warp_speed   5

Get Ready to Defend the Free Market
06.02.97 | Forbes | Rich Karlgaard

LET'S CLONE GEORGE GILDER. One is just not enough. The original I'd keep in his current job as a technology writer and forecaster of the first rank. Nobody rea...
Rich_Karlgaard  free_markets  George_Soros  warp_speed  George_Gilder  income_inequality  tempo  operational_tempo  '90s  capitalism  digital_economy  from notes
august 2017 by jerryking
Finding a New Niche May Offer Better Chance at Fat Margins - WSJ.com
May 13, 2003 | WSJ | By JEFF BAILEY | Staff Reporter of THE WALL STREET JOURNAL
These days, with information and capital zipping around at warp speed, a business or industry with fat margins essentially has a target painted on its back.

And yet, plenty of small and midsize companies in less-than-glamorous industries manage, some year after year, to post enviable margins. Some have patents or other intellectual property that protect them from competition. Others have invested large sums in plant and equipment to acquire economies of scale that scare off new market entrants. Some defend themselves by knitting together extensive sales-and-distribution networks that would take years to replicate.
patents  intellectual_property  entrepreneur  business_models  dealerships  automotive_industry  barcodes  medical_devices  hospitals  niches  unglamorous  differentiation  proprietary  small_business  mid-market  barriers_to_entry  economies_of_scale  margins  warp_speed  defensive_tactics  distribution_channels 
may 2012 by jerryking
Hezbollah as 'a hot cell for innovation'Why our intentions 'don't just fail, they backfire'
Apr 19, 2009 | Toronto Star | Lynda Hurst.

we're still using anachronistic ideas to hold together a global order that no longer exists. A revolution is in progress where the unthinkable all too readily becomes the inevitable.

The result? More – and more dangerous – reversals of intent and outcome.

"What's happening today is that our intentions don't just fail, they backfire on us," says the Beijing-based geo-strategy analyst. "We deliver the opposite of what we intend because we so misunderstand the way the system now works."

The "war on terrorism" creates even more terrorists. The attempt to build a risk-proof financial system produces more risks than anyone is able to foresee. The bid to spread capitalism across the globe widens the chasm between rich and poor. The effort to contain nuclear proliferation leads to rogue states such as North Korea and Iran playing gimme-gimme games (or maybe not) with the final option.

Think Mikhail Gorbachev setting out only to reform the Soviet Union, but instead triggering its downfall, which in turn leads the U.S. to conclude its values have won the Cold War. Not so, Ramo says. Or George W. Bush reckoning he can inject democracy into Iraq and, presto, out comes peace: "Absurd in the extreme."

The new rules are
still being formed. They will be based on one central premise: countless
variations in the scheme of things will continue to occur at warp
speed, and adapting to them equally as quickly will be crucial. The
unpredictable demands of constant newness can immobilize institutions,
however, not just individuals. It can blind them to unsprung traps,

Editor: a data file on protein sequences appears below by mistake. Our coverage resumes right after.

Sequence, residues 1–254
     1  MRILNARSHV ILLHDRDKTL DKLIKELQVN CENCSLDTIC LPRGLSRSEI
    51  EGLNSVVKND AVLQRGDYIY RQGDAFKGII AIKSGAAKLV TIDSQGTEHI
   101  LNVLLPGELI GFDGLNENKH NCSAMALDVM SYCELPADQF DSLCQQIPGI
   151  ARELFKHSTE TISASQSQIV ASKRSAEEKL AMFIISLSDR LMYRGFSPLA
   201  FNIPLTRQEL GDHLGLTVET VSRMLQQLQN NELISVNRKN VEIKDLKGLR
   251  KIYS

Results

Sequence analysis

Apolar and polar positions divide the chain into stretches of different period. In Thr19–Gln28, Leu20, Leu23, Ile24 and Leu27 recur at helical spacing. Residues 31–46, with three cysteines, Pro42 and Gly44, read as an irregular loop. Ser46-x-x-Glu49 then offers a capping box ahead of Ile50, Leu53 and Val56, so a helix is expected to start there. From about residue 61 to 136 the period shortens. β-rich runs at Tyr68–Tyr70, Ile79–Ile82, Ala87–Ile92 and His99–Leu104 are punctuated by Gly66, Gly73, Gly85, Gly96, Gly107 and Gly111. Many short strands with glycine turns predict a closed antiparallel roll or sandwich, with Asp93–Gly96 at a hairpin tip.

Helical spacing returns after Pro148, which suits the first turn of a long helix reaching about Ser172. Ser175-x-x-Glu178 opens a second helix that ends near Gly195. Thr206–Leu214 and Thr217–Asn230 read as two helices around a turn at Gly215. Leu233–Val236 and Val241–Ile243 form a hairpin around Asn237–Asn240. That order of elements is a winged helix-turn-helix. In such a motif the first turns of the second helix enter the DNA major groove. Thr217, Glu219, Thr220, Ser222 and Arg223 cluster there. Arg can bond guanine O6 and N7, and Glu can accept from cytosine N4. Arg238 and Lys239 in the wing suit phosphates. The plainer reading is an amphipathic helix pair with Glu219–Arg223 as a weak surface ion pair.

freeze once-honed navigation skills. The structure of the U.S. State
Department has barely changed since the end of World War II.

Governments can't prepare for everything in the future, but they can
build resilience into their systems. Real power will be the ability to
come back strong after an unexpected shock. That will mean persistently
assessing the big picture, not just its component pieces.
new_normal  uncertainty  Joshua_Cooper_Ramo  geopolitics  unpredictability  resilience  21st._century  adaptability  managing_uncertainty  Hezbollah  unintended_consequences  unexpected  political_power  accelerated_lifecycles  U.S._State_Department  immobilize  paralyze  constant_change  revenge_effects  rogue_actors  unthinkable  misunderstandings  Cambrian_explosion  iterations  Octothorpe_Software  Mikhail_Gorbachev  the_big_picture  warp_speed  financial_system 
may 2009 by jerryking
Without Restraint Tides of confusion have washed up Mark Foley, Wonder Land - WSJ.com
Friday, October 6, 2006 WSJ columnist by DANIEL HENNINGER.
Clipped because there is an interesting paragraph on clarity of thought.

As a result, we live now in an era awash in cultural confusions. The tides bring in weird phenomena, like the Mark Foley story, leave them on the beach overnight, then drag them back out to sea before there's time to make much sense of what we saw. As often as not, we don't even try. The Web and digital technology have ramped up the cultural velocity to warp speed. MySpace, YouTube -- the once-bright line between the private and public spheres has evaporated.

This has had an effect on the way we think, or don't. Clarity -- thinking clearly -- is harder than ever to achieve, because clarity assumes a degree of general social agreement about things. For instance, time was that most people would agree that putting a crucifix in urine and calling it art doesn't qualify as anything but bad thinking. But no, we had to have a big argument over that. At the end of her current stage act, Madonna makes herself the central figure in a crucifixion scene. No problem. Most reviewers simply describe it, and move on.

Challenge over the past 40 years became a more powerful social value than clarity. One of the byproducts of challenge is that you don't have to think very much -- about the point or the consequences. Just do it. The act of challenge is its own justification. And one of the byproducts of constant challenge is aggressive confusion.
op_ed  Daniel_Henninger  WONDER_LAND  social_media  Madonna  clarity  cultural_change  revenge_effects  controversies  warp_speed  social_challenge 
february 2009 by jerryking

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